! tHreity.-jr-T- -r ' r''
. It is;eHdu9,e.vfiry pne tQ help;, to make a pledge for
rt-hirnseliieorr herself " &ad aid; in securing other pledges -t;
J 'Vp'fo the I4sl cent needed, -
---A GREAT FIGHT
""tit has put a stiff tariff on
In solving the problems of a surplus that must be exported,"
"says a neighbor, in commenting on the present tariff law and
. the departure of our senior senator to resume his leadership
l fn- pushingth'a McNary-Haugen'bill.
TOe'McNary-Haugen bill simply proposes to make the tar-
'iff eff6cUyein'the''icases'dmajor. farm products with large
eiprUbl4.ulusesf;i ' .: . ; - . ;
-U4.iti the time when we will have Vio exportable surplus
i -am of ally. cropr-and that time is not far distant, with our; ill-
easlng; populatiott? ? ff I "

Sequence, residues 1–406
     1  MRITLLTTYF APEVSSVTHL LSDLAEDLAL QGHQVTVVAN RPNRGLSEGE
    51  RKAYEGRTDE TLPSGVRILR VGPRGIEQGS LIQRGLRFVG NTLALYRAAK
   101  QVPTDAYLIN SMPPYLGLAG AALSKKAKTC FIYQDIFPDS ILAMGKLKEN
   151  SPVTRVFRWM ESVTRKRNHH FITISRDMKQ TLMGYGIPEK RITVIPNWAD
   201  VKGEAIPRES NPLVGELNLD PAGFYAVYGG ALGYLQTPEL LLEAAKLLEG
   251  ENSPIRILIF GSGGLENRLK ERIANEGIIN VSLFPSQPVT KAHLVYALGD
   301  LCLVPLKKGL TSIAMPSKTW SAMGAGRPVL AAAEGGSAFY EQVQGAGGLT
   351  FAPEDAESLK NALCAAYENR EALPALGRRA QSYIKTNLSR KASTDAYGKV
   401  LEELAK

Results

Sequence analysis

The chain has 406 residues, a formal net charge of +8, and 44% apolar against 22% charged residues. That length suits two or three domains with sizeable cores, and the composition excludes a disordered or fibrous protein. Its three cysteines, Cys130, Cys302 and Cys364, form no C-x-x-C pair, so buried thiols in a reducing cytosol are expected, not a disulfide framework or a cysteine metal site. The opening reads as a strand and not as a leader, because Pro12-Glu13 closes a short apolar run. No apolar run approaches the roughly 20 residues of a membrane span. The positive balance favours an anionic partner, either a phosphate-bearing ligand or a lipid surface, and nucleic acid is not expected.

il7rii tfhe.Mclfarypgen bill simply
per.-cenls compulsory cooperation in-
ktt ected-f-f 'JJ'ZJil "r-:
Ad U will jiol cost the government any thing--at least ks
4, proposed by the bill that was passed by the last congress and
V J recciy&i the pr!Bsideritsyeio. ;The growers of the crop will
: '" stand the Joss' InseHing' the surplus in Ihe "wortil market I in
. any case , wnere mere is a joss. . .
" .'Senator ijcNai" led twd of the greatest fights ever made
in the JlUs; of congress; id the session before the last,' when
, the. bill was lost by a iparin ofa few votes, and in the. last
t . congress when it was passed nd vetoed
' And he haf before hjn a third great light, for the bill, for
which he is prepared as n4 one else in the United States ' is
prepared ;;hence his undisputed leadership in this proposed
relief measure for the farmers of the' country. ;
'STILL WATER IN
United States Senator Charles L. McNary, departing from